Mr. Raymond Robert ROHNE
Studies on the history of art collection in humanities often focus primarily on high culture and the aesthetics of composition of art itself. Research on modern and contemporary art collection has paid inadequate attention to the process of how the current global trends have come to be, which is arguably best reflected by American collectors in the early and mid-twentieth century. This disregard has left those within the humanities and the arts, especially historians of art collections, little scholarly understanding how globalization, cultural mobility, and the market played a significant role in the development of collections in non-Western regions of the world. Early first-generation American collectors of modern art and later contemporary art built a global narrative of art collection, now reflected in East Asia, Japan, Republic of Korea, and ultimately Greater China. Which like the United States, reconstructed local and regionalized art collections that were originally monopolized by the superior classes of society and reflective of academy defined high culture. Arguably what begun as a cultural exchange in collecting led to an inevitable cultural change, because of the influx of capital and economic growth.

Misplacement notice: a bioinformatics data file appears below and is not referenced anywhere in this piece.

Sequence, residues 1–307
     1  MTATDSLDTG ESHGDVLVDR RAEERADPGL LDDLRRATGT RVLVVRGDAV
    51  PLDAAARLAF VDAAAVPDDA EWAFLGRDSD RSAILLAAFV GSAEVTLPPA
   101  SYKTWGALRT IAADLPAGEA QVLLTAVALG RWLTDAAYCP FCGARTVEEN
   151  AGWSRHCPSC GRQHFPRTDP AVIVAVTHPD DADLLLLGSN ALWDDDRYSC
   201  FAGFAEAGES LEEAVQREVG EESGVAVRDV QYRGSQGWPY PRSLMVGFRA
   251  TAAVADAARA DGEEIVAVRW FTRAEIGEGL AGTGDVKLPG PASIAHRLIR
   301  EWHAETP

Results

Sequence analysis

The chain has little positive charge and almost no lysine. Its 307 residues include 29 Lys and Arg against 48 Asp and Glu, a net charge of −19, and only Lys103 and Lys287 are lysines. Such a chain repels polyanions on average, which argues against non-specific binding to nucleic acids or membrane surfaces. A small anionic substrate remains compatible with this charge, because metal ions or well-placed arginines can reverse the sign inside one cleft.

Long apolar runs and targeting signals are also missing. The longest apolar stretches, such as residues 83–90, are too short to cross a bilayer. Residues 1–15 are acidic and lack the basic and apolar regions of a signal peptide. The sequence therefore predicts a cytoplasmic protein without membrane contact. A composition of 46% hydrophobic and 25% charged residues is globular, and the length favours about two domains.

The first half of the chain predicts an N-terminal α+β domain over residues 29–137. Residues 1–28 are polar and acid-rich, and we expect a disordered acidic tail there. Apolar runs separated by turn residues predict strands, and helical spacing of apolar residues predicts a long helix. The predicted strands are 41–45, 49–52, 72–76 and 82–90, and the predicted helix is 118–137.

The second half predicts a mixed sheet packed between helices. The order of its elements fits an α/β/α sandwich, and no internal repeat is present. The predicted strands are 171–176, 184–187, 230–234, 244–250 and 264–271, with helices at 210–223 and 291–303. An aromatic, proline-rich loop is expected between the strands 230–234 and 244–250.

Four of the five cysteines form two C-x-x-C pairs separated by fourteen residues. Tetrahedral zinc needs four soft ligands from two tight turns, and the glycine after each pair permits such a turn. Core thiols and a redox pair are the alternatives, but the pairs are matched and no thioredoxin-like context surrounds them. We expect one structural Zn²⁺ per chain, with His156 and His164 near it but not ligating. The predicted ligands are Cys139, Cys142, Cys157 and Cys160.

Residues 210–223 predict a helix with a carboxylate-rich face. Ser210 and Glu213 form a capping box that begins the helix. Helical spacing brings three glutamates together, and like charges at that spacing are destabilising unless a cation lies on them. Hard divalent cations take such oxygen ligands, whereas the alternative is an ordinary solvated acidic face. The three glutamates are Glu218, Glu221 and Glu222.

American modern art collectors in the early twentieth century and later East Asians were generally not heirs or members of the aristocracy, rather self-made capitalists, and part of the production of labor, breaking the idea of connoisseurship and Eurocentric feudal elitism. Theoretical understanding of a modern and contemporary art collector will be vital in understanding how and why this significant phenomenon occurred. Of particular significance, will be demonstrating how millennials and generation Z art collectors in East Asia have transformed the way art is consumed through non-traditional methods, that is reflective of the information age, hype beast culture, and the redefinition of what is art, such as work with progressive content, art toys, and collaborations.